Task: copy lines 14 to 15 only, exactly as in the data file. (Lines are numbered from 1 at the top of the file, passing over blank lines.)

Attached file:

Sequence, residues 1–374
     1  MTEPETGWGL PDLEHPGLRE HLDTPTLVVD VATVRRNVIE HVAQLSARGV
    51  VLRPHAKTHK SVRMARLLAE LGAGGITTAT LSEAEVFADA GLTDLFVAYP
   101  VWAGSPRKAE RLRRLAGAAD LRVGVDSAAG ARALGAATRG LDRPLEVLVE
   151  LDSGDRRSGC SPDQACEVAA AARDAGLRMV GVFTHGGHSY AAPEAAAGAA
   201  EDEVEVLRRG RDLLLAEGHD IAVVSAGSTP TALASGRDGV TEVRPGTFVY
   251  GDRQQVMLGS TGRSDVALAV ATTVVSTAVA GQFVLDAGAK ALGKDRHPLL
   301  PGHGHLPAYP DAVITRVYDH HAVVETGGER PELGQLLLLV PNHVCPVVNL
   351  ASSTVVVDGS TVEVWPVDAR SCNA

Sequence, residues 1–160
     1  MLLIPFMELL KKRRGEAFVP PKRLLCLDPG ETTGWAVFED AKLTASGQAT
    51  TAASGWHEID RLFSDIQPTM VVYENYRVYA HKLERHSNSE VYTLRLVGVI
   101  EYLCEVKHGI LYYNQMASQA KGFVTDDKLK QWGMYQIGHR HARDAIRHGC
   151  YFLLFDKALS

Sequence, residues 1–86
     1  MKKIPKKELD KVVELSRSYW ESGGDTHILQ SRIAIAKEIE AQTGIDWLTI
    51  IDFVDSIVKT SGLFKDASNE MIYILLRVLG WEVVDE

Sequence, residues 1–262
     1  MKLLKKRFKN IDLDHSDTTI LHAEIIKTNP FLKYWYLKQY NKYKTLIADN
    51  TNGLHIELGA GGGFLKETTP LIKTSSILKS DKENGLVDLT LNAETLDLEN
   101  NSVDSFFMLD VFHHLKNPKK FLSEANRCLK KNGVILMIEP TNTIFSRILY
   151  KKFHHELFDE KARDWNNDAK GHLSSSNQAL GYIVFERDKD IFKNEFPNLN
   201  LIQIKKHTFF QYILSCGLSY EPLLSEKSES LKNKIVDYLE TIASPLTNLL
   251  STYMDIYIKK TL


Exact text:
   151  YFLLFDKALS

Sequence, residues 1–86